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Lazy loading AngularJS components using Providers

I've been working on an Angular project for sometime now and I usually run across issues when building the application. In most of the example applications that I've seen, all application script files are loaded upfront i.e. all JavaScript files are loaded when the user accesses application. I get annoyed by this approach; why should all the components be loaded upfront when the probability of user accessing the entire application is very less. How does one architect a multi-page application using Angular? What would be the size of the application after minifying all the JavaScript files. Most importantly how does one load the components lazily. I've used RequireJS in my previous projects and it allows you to load components on demand; the idea is to load components based on the selected route. I've tried a similar approach with Angular using 'resolve' property in the $routeProvider.

The 'resolve' property in Angular can be used to resolve services but essentially it's a promise object that gets resolved. In my previous post, I've explained how the resolve property is used to invoke a route only after resolving a $http service. Similarly, you can load the controller and service components (JavaScript files) before invoking the route. In this example, I've used RequireJS to load the controller and service components:

In the above code snippet, files 'components/login/controllers/loginController' and 'components/login/services/loginService' are loaded using RequireJS. Once these files are loaded, the $rootScope.$apply function is called and the promise object is resolved in the callback handler. Although this seemed like a direct approach to resolving dependencies, Angular throws an error when you access the route. It throws 'function got undefined' error. The reason to this is, when Angular initializes or bootstraps the application, functions - controller, service etc,. are available on the module instance. Here, we are lazy loading the components and the functions are not available at a later point; therefore we must use the various provider functions and register these components. The providers are available only in the config method and hence we will have to store a reference of these providers in the config function when the application is initialized:

Here a reference to the $controllerProvider.register and $provide.service are stored in the 'app.components' object. Now when you create components, these reference variables should be used. For example, to create a 'loginController' component, the function signature would be:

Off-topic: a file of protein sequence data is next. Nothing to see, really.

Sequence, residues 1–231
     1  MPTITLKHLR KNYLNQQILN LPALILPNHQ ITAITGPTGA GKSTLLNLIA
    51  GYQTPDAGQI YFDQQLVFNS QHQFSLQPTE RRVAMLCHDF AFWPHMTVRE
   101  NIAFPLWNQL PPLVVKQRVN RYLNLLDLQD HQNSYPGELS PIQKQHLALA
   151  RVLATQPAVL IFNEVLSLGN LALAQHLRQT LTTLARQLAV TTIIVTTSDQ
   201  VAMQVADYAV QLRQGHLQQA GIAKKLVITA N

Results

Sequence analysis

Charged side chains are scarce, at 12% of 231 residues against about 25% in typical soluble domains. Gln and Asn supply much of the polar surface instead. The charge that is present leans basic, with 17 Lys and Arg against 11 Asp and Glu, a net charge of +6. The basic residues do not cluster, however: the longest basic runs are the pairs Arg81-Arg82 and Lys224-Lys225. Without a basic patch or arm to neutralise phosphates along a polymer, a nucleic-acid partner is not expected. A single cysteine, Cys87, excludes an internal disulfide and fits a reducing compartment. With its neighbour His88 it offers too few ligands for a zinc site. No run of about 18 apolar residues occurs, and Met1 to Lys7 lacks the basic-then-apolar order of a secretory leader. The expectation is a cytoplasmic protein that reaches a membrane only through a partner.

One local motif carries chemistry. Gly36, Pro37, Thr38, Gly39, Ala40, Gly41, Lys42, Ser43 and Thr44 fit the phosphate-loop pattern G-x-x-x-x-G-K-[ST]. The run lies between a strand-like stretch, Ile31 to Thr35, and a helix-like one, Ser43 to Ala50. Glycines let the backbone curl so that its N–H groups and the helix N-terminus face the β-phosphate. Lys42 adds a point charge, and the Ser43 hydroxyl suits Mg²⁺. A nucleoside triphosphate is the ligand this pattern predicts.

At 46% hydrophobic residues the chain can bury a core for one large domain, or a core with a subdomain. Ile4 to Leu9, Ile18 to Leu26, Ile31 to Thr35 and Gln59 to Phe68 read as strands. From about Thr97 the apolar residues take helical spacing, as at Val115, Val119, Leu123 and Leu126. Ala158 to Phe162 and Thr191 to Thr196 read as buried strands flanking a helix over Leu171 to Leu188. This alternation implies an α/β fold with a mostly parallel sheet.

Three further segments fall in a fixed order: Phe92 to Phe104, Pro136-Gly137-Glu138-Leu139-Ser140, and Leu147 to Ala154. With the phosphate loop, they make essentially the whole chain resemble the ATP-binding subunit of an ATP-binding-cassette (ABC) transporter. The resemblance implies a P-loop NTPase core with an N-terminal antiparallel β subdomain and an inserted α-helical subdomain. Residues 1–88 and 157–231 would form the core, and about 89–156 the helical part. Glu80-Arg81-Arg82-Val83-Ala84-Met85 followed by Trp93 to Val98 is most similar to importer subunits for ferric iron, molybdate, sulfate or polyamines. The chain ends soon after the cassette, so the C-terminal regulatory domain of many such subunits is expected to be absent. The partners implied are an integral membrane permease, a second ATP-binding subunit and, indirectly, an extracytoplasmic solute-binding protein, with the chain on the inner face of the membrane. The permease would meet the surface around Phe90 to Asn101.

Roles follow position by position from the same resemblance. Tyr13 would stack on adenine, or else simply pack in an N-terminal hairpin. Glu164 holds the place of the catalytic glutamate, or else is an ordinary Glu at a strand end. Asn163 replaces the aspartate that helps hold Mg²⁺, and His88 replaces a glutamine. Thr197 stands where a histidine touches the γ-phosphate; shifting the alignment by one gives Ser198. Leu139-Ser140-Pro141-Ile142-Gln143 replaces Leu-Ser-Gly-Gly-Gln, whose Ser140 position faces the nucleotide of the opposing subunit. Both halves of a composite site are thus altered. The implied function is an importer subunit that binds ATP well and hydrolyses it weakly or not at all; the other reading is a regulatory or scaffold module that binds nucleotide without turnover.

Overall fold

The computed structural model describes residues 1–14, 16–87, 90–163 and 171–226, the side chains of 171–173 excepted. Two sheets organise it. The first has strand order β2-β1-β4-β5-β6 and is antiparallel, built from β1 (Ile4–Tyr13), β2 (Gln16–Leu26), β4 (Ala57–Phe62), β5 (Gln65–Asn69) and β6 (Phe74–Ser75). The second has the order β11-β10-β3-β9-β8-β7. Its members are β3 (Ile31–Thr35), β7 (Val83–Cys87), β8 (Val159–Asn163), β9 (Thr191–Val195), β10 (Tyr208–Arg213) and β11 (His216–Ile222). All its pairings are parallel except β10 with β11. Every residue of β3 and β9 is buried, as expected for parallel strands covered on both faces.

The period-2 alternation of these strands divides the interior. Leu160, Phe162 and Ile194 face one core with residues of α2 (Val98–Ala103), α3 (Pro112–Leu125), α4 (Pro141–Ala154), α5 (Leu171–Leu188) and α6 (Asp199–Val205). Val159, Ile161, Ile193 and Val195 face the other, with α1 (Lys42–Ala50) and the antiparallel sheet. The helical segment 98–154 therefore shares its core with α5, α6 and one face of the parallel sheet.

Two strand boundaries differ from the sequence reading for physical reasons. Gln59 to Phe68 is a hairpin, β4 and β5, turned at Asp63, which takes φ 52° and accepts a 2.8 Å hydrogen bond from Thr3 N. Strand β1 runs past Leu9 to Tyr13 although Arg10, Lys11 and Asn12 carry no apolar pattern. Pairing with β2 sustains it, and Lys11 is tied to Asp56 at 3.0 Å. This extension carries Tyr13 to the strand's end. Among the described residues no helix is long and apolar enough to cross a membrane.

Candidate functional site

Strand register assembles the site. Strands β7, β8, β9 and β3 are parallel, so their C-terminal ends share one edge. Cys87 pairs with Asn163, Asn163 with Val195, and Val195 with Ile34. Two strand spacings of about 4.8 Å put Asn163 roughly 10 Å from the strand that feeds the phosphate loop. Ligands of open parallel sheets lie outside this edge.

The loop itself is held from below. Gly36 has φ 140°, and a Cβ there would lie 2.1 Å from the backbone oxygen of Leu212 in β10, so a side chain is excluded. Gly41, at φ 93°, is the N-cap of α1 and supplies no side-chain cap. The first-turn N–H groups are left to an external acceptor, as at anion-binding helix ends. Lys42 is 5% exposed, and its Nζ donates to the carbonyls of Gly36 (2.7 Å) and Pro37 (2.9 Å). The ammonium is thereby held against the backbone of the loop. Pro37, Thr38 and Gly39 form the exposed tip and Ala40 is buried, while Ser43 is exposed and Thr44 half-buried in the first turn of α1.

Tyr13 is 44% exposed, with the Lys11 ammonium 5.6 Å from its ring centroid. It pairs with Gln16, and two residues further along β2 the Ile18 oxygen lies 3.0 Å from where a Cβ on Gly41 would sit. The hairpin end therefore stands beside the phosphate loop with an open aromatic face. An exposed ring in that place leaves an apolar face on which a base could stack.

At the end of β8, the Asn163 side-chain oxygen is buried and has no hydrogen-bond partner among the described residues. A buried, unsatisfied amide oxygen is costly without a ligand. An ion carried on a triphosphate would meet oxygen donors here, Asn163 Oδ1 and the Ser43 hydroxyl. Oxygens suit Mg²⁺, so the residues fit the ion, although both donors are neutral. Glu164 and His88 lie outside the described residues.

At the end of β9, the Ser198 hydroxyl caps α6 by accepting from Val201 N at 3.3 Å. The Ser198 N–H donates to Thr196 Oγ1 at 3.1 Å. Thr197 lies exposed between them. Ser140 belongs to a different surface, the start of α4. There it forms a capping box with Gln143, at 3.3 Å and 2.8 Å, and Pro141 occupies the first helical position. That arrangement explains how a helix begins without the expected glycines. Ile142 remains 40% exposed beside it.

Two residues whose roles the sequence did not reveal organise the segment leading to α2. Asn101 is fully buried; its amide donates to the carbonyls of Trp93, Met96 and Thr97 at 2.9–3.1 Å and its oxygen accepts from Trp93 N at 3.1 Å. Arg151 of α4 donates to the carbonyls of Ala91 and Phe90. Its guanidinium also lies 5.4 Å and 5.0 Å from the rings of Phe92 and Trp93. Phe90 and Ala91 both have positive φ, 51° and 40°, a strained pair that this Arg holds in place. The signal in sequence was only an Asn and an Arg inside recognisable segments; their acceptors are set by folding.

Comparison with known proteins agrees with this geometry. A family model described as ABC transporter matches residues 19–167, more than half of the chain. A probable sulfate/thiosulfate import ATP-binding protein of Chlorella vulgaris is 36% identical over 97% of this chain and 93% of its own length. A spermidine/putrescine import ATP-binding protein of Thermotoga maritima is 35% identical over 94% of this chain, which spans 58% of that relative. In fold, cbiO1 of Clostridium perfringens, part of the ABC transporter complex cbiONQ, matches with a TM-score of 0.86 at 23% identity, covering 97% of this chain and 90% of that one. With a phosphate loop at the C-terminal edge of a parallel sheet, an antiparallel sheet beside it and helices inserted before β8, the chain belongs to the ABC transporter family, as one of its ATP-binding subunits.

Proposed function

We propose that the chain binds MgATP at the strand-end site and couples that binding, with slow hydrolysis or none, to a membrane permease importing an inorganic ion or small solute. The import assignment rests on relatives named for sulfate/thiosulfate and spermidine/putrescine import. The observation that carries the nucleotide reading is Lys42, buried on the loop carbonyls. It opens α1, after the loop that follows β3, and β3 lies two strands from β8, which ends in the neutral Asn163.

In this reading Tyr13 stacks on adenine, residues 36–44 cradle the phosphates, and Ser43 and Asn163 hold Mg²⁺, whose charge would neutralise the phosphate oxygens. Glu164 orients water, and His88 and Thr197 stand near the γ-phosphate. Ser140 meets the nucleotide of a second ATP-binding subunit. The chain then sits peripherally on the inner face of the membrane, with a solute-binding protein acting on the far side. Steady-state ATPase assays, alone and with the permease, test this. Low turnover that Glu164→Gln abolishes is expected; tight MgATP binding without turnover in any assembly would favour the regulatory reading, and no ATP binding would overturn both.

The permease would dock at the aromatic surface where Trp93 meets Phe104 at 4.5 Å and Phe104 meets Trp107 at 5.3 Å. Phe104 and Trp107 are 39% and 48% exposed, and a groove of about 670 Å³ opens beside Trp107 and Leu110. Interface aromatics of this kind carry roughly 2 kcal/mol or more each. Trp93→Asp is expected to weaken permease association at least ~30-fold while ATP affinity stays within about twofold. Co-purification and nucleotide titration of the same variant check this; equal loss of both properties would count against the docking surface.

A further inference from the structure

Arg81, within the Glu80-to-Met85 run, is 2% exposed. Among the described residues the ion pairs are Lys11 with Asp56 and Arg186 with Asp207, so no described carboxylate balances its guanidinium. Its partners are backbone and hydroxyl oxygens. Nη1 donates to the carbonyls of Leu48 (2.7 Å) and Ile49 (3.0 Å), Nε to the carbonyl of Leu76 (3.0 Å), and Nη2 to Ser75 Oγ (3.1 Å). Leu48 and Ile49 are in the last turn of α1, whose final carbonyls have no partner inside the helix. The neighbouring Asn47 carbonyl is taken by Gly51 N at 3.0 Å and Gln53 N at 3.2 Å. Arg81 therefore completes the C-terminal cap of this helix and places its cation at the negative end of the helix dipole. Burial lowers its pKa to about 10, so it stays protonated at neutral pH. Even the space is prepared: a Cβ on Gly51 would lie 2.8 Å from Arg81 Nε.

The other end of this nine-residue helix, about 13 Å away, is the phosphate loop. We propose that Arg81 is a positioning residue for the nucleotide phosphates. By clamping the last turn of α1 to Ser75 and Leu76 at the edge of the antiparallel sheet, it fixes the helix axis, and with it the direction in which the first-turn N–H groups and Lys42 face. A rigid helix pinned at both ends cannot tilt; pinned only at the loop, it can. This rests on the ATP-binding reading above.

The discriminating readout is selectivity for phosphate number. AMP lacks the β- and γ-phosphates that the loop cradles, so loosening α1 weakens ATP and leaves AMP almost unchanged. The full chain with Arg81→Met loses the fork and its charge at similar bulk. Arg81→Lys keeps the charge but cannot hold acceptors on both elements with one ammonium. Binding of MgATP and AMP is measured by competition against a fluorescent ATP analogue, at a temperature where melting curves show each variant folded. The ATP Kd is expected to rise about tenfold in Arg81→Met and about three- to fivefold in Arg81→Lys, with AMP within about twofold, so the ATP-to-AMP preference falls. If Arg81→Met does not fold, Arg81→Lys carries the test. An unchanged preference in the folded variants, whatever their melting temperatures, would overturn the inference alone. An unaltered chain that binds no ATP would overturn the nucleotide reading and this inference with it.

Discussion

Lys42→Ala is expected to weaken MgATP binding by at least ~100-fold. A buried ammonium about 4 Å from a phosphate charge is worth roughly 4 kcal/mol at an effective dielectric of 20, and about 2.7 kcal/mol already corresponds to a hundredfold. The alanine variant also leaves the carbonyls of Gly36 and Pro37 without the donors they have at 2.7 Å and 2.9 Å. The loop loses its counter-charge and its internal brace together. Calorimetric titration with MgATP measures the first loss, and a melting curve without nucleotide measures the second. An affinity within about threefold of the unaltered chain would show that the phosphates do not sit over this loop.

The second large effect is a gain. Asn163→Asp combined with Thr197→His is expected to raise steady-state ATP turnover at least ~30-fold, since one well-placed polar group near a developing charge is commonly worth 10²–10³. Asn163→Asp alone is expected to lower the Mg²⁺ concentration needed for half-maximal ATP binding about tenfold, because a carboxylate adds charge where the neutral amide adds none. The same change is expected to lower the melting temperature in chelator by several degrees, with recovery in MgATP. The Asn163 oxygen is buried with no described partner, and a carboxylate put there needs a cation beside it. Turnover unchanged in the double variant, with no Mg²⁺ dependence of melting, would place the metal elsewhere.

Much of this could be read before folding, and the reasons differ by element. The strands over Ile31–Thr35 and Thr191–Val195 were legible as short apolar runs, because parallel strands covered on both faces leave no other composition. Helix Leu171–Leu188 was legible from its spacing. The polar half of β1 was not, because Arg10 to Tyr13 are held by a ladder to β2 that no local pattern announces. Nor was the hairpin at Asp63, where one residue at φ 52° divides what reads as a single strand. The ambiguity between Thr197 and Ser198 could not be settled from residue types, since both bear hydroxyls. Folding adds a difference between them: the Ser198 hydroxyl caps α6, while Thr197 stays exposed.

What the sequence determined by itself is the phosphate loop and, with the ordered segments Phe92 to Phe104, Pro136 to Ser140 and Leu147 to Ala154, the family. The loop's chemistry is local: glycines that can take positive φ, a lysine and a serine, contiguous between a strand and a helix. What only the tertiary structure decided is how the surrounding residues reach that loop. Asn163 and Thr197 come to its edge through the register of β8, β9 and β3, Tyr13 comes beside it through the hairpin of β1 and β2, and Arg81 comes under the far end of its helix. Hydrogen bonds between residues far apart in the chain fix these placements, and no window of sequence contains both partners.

At run-time the components are registered by Angular using the various provider services. Next step in refining this example is to use modules in r.js (RequireJS optimizer) to create single JavaScript files that define all the dependencies for the page.

Take a look at this git repo which contains two pages and components are loaded on demand -


  1. I would refactor the require([...]) call to a service and return a promise for the dependencies list. Doing that you will be able to catch failures - when a dependency cannot be loaded. In your example, if a dependency cannot be loaded the promise will remain in a pending state.

  2. Thank you for this. It's the first lazy-load solution simple enough for me to understand. I'm only a few months into Angular but already my app has several pages and I've been hoping for a solution like this one (actually I was hoping Angular 2.0 would include it). I have no experience with require.js though, on the 2nd visit to a page, does it *reload* the services/controllers in your solution?

  3. I think RequireJS understands that the given files have already been loaded and hence it will not load it again.

  4. I'm kinda doubting how much lazy-loading would help - in fact, unless the application is absolutely gigantic and huge, it's actually slower to do lazy-loading.

    Why? Because normally a webapp is concatenated and minifyed (including templates) into one file, lets call it application.js.

    This means that it only takes one http request to fetch everything. Http requests are expensive, especially on mobile devices.

    Further, using AppCache makes it even better to load everything: the whole thing is cached in the browser anyway! Lazy loading therefore doesn't make much sense, imho.

    What am I missing?

    concatenation+minfication + appCache = awesome.

    Cheers from Copenhagen

  5. Agree on all points. I really care about initial load time, http requests are processed in parallel per domain (I think it's four on Chrome). All code minified into one single file is ideal and works for most of the applications. I care about exploring scenarios where the user wouldn't visit all pages or the user may not be allowed to see some part of the application. It's always a debate b/w one http request which would take a few seconds to complete vs fast initial load and then lazy loading other parts on demand. These requests are cached anyway and hence reload of the JS files is obliterated.

  6. Hi Sagar, thanks for your reply.

    Good points about initial loading time, as well as 'hiding' some templates/code.

    Great stuff

  7. I would say that these comments talk about the pros and cons of this approach. Thank you!

  8. I hope you don't mind. I forked your project and modified it a little. Adding a service to make it DRY. Here is the code, //

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